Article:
I am so worn out from this weekend, I will make this brief.
Team Johnny Killmore arrived with some modifications and new ideas for Saturday practice at Willow Springs Raceway. The biggest change was a front tire, a full half-inch wider. This means more grip and really helped with the understeer problems we’d had last month. However I suddenly started over-driving the bike and kept lofting the chair wheel in left turns. After changing my style a little I was able to really feel a balance between the front and rear of the machine. Before it simply felt like I drove the front of the bike with the handlebars and the rest followed. Not I was sliding the rear, 3-wheel drifting, and also learning to apply throttle to hold the chair wheel down while exiting corners. This is counter-intuitive, since having the bike on 2-wheels feels unstable. More throttle actually pushes it back on the ground though and I was feeling great for our Sunday afternoon race.
With only seven machines on the grid I found myself in the 2nd row for our inverted start. This still had the fast guys behind/beside me, and the slower teams in front. With my archaic 750cc engine it didn’t matter much, as everyone got away faster than me. I managed to keep the revs up this time and was in the mix going into turn 1, finding myself in 4th place. Team Badcat, with passenger Mike Jones now driving with a first time passenger, sat in front of me as we exited turn 1. Piloting the exact machine I raced last year, I knew he would have an edge in high-speed turn 2.
Mustering all the little engine had, I stormed up the inside of turn 2 on the brakes, hoping Mike wouldn’t slide around the outside. The pass stuck, and although the pass cost me time in the corner, the two lead bikes were only about 5 lengths ahead of me. I again mustered all I had and figured I’d try to show them my nose come tight turn 3. I wasn’t able to get close enough, but through the tight section that followed I was just out of striking range. This brought us to the bottom of turn 5, just before the long high-speed half of the course. I knew I’d not stand a chance, so I looked behind and, sure enough, there was the bright red-and-yellow of Bill Becker’s #84 machine. I was already drifting wide and left some room, which he really didn’t need. He was around me and off into the distance in no time.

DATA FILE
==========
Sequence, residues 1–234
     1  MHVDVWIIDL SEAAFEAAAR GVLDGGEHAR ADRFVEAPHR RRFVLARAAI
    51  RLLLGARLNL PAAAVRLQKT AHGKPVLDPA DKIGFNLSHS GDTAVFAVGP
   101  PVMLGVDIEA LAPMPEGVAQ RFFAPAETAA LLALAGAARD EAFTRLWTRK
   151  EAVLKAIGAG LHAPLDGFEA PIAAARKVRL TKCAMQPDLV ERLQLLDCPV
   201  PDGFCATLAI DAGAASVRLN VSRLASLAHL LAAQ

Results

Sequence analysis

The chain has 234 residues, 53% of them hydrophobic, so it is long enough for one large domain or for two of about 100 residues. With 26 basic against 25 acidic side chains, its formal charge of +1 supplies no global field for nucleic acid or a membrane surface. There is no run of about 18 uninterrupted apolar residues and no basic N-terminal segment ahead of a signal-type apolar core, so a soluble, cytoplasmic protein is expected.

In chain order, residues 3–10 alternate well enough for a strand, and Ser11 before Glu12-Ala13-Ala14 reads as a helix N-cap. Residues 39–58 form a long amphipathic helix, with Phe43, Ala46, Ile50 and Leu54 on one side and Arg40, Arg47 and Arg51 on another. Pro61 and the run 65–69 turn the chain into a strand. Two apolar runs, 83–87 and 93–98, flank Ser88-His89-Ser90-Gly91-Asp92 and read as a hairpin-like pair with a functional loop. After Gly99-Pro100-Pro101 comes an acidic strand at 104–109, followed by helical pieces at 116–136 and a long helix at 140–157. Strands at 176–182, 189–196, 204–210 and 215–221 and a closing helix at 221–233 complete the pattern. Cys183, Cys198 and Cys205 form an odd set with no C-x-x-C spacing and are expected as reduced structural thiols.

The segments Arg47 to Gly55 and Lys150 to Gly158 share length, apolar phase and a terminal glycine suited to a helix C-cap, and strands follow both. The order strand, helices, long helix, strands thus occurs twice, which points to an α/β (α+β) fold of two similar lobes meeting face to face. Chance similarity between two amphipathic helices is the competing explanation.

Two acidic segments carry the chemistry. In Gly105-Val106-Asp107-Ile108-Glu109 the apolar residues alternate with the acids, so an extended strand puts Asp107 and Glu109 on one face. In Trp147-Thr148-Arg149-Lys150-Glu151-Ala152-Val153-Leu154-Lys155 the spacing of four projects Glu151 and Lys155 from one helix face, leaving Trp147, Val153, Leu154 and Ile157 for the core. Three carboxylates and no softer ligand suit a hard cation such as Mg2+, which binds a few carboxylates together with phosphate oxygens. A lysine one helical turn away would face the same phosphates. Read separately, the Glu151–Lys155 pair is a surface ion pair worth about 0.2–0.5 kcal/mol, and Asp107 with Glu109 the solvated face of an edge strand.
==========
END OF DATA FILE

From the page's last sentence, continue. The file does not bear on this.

My plan at this point is to push as hard as I can, learn about the handling of the bike, and stay as close to the leaders as possible in case one of them made a big mistake. This worked well until I approached turn 1 at about 140mph. The brakes had faded. With the pedal to the stop and no real stopping actually happening I tugged hard on the front brake (seperate brakes between front and rear/chair) and managed to run wide without leaving the pavement. I looked back and saw no one, so I eased up on my pace, hoping the brakes would cool. I still pushed as hard as possible but left ample room for slowing so as not to over-work the front (not to mention the bike is very unstable with only the front brake applied).
The brakes finally came back… in turn 2 turning the cool down lap. However I still crossed the finish line in 4th place, which I’m very proud of. My little gixxer motor was absolutely strained, making scary noises and smelling of burnt oil as we came off the track. I’d be stunned if it made even 100hp, against the 155-170hp of the fast guys. Every time I go into Bill Becker’s shop I see the five engines he has and wonder who I could kill to get the $$$ to mount one up. Sadly, that is at least a year away.
With more mods planned for the cooling system and brakes, I have far more pressing matters to attend to than dreaming about modern engine technology. Next race is only a week away, at the same track but with the AHRMA vintage series, who have a full race schedule on Saturday and Sunday. I should also have a new tire for the chair by then and hope to push the limits just a little further next time.